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April 21, 2017 06:36 AM

Sioux Falls Trying To Overcome Revenue Shortfall

For months, KELOLAND News has been reporting on the statewide sales tax shortfalls. In Sioux Falls, the latest numbers show revenues below the city estimate. 

The latest numbers shows the sales tax growth in Sioux Falls is at 2.5 percent. The city budgeted for 4 percent growth. Director of Finance Tracy Turbak says if this rate keeps up, it will leave the city in a $1.2 million hole. Now the city is looking at ways to make up the deficit. 

The sales tax numbers are not living up to expectations, and it's caught the attention of the Sioux Falls City Council. 

"I think we were probably a little strong to estimate four percent growth over last year so we're going to have to make some adjustments to make the budget work before the end of the year, but we still have to concentrate on providing the best services for the citizens of Sioux Falls," Council Member Pat Starr said.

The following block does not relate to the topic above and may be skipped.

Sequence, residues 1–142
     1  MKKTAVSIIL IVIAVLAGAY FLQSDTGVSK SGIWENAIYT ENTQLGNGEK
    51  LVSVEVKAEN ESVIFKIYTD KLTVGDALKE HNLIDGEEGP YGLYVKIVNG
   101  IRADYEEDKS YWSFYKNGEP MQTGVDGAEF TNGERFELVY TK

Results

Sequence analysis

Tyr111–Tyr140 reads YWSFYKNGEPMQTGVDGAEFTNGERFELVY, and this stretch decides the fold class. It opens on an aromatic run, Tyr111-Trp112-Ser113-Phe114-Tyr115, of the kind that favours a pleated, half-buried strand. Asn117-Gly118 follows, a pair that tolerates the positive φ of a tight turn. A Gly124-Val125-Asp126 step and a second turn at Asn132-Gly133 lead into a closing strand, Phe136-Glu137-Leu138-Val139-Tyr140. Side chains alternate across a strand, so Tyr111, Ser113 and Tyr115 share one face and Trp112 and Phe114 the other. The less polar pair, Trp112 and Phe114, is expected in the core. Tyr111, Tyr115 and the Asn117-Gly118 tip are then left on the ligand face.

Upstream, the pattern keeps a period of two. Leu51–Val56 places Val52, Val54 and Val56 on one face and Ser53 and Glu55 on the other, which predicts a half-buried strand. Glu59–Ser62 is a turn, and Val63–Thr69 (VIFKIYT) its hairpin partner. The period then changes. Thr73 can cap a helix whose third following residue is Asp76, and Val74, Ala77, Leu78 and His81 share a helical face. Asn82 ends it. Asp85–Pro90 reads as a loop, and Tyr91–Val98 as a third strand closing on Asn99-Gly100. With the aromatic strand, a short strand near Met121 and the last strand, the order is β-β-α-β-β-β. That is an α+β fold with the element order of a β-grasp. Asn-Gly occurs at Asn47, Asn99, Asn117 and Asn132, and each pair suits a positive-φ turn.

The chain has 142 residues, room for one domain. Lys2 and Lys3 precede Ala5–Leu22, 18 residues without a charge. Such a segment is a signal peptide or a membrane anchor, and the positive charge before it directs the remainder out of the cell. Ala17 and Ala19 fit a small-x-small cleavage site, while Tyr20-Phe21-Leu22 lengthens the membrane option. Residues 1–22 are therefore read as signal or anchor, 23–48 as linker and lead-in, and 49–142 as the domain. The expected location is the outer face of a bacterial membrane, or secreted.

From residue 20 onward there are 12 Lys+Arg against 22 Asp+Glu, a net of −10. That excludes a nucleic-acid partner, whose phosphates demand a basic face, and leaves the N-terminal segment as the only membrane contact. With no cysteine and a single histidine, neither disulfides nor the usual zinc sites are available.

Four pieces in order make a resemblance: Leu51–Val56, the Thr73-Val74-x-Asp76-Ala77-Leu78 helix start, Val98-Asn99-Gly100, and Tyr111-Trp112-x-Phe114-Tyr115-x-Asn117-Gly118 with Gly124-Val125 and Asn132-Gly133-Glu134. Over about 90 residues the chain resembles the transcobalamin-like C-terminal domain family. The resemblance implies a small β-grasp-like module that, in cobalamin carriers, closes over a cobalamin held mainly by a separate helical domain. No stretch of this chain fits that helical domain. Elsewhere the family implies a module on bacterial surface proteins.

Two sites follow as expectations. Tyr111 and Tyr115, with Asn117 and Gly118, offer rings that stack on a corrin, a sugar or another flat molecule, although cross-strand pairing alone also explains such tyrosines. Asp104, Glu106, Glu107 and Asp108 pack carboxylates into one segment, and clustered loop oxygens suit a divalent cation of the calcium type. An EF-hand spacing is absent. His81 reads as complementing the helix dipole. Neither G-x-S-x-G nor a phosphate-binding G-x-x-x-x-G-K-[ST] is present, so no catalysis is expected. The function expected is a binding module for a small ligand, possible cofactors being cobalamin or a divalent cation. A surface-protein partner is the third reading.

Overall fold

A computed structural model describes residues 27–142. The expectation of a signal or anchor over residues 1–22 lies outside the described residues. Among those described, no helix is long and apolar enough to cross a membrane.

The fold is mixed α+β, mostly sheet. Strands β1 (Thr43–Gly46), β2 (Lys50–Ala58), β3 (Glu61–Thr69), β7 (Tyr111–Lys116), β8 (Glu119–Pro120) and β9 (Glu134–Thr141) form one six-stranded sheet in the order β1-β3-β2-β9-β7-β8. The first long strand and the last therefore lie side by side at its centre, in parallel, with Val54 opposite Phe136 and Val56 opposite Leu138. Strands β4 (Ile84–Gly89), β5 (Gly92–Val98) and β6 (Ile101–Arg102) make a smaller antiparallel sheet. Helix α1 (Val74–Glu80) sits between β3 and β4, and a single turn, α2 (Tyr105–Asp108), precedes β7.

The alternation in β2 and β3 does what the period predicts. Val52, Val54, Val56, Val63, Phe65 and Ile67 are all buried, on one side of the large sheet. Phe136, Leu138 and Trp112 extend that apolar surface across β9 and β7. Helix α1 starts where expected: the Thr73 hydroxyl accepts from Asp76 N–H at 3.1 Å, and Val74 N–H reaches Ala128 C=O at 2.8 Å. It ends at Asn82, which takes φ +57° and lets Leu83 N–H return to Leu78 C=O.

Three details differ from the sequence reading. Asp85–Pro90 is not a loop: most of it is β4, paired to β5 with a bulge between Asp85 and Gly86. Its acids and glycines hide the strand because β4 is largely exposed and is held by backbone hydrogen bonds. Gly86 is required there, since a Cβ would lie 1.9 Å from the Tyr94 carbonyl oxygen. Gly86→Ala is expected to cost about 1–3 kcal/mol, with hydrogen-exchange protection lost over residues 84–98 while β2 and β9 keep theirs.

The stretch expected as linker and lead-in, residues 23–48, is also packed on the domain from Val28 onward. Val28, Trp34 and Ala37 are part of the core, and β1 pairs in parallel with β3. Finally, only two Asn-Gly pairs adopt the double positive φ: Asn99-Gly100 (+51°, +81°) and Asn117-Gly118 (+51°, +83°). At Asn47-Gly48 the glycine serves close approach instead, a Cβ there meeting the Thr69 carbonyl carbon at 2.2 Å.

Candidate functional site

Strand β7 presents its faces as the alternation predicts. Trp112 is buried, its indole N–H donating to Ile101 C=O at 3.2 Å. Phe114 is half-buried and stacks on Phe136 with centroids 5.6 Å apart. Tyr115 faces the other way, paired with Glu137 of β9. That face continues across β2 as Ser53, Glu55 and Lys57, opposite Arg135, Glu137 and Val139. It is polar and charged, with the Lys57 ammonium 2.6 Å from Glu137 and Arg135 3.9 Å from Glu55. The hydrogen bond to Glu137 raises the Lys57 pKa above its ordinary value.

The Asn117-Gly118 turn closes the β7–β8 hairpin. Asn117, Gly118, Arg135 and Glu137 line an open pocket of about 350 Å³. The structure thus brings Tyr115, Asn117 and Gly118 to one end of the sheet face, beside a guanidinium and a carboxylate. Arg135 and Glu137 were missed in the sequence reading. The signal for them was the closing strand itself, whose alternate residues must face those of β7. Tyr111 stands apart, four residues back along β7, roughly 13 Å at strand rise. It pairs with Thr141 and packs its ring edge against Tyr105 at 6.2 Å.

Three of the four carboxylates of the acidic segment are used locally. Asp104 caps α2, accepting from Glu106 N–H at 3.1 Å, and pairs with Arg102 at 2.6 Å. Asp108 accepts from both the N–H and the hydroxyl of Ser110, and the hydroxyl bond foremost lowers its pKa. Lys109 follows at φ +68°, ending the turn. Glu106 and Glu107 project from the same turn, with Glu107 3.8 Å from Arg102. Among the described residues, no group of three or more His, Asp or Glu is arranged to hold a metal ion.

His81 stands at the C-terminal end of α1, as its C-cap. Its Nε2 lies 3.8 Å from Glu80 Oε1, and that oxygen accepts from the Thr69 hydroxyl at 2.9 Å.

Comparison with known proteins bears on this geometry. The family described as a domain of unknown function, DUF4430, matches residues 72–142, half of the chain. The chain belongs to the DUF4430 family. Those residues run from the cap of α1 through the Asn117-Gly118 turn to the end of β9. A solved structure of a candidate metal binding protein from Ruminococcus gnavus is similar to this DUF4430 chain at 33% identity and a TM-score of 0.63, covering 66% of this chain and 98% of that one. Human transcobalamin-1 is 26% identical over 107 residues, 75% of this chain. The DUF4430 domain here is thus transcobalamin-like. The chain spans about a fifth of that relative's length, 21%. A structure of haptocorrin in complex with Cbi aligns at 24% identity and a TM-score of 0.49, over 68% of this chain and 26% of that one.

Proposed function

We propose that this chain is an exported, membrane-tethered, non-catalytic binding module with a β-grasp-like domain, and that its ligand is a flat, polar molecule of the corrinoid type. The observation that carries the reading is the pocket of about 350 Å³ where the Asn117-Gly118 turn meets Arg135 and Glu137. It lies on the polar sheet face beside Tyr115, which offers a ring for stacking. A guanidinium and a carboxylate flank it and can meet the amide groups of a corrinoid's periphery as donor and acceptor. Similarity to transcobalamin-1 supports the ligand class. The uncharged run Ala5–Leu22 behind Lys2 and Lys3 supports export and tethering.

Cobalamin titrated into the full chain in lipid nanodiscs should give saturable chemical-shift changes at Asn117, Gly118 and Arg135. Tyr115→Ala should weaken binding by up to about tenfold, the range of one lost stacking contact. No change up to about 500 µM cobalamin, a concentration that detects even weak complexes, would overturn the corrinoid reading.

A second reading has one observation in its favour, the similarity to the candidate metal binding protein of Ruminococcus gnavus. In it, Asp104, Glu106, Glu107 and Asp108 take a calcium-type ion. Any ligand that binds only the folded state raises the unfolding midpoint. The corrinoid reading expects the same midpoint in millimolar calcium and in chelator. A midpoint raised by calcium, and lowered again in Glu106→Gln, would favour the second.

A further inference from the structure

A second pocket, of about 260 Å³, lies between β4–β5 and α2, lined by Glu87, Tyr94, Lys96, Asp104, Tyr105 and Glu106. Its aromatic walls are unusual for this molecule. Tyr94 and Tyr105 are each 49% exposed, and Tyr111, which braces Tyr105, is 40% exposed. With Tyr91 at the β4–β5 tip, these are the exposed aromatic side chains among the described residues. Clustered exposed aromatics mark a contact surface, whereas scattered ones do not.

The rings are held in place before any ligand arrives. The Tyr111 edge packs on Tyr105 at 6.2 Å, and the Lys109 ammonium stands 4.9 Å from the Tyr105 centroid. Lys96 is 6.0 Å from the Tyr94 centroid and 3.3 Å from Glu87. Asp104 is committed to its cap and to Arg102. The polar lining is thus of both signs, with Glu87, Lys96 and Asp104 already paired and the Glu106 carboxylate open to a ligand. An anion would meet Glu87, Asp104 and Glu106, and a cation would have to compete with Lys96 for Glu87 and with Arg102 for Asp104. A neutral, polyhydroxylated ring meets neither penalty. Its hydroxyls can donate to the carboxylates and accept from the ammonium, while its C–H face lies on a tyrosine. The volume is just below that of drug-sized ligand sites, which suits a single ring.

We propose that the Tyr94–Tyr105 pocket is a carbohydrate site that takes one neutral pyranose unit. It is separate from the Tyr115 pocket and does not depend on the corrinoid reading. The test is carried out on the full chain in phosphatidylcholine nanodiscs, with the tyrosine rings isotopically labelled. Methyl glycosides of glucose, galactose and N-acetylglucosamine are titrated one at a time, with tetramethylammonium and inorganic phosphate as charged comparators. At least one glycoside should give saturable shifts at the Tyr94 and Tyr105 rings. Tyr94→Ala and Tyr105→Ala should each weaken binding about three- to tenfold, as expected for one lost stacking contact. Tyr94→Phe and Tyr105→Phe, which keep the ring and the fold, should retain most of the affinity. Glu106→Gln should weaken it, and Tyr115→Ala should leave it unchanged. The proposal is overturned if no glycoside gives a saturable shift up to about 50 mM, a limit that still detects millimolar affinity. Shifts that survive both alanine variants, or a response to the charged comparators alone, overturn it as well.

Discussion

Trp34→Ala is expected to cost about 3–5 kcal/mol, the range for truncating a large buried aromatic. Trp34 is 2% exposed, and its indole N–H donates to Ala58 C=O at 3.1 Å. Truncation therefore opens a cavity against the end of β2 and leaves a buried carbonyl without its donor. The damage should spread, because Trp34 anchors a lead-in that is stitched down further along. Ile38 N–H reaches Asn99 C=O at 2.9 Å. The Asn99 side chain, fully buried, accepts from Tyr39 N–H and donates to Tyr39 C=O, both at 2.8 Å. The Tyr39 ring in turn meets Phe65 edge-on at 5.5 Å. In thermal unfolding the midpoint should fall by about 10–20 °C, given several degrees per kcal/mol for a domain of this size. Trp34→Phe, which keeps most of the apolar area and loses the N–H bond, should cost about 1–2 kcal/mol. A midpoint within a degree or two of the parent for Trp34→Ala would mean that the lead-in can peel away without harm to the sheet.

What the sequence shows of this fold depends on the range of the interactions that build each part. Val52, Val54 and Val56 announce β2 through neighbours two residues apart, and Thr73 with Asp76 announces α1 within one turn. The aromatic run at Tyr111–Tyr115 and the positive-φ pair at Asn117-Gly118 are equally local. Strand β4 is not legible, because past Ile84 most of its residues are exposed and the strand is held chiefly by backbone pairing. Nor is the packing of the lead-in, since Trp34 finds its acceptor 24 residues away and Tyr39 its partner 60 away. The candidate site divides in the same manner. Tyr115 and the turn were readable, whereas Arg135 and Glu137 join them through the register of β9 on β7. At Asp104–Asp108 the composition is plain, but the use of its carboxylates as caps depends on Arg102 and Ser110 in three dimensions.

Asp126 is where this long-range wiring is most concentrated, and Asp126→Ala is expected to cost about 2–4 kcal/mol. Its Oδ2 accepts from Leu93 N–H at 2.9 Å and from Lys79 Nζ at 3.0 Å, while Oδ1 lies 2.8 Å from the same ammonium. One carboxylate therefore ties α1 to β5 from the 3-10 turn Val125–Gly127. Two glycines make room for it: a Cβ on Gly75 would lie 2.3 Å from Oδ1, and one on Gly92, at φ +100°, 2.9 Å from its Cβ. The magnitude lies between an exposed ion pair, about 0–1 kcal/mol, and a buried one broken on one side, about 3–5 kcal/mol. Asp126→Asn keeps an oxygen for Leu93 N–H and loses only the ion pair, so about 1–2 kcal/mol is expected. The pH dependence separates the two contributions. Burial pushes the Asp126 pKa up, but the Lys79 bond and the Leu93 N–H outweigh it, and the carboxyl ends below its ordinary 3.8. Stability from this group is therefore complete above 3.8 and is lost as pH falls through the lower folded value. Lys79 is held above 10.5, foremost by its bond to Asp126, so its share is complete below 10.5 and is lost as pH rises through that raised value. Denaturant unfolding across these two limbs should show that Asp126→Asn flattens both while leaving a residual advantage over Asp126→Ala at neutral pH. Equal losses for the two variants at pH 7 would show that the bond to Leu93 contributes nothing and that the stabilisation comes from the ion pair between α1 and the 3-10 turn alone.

Starr says the city has to continue to be strong with things like street repair, emergency services, and water. 

Director of Finance Tracy Turbak says if the numbers don't rebound, it's going to be up to all city departments to find ways to save money. 

"It's coming from a lot of different places and every department has really been tasked with identifying where they can find savings so it's really not in any particular place," Turbak said. 

Turbak says the City started planning for the dip in sales a year ago, and they are prepared so they won't have to dip into reserves to make up the difference. 

"We've got plans to respond if the trend continues to get worse, if sales tax revenue fall off, if the growth rate continues to slow or even falls to zero. We've got contingency plans that we're working on to be able to respond to that in effective ways," Turbak says. 

Starr says no matter what the plan is, he hopes the council and administration can work together to find a solution. 

"At this point, it's something we have to look at cautiously, but we're not ready to start slashing budgets yet," Starr said.  

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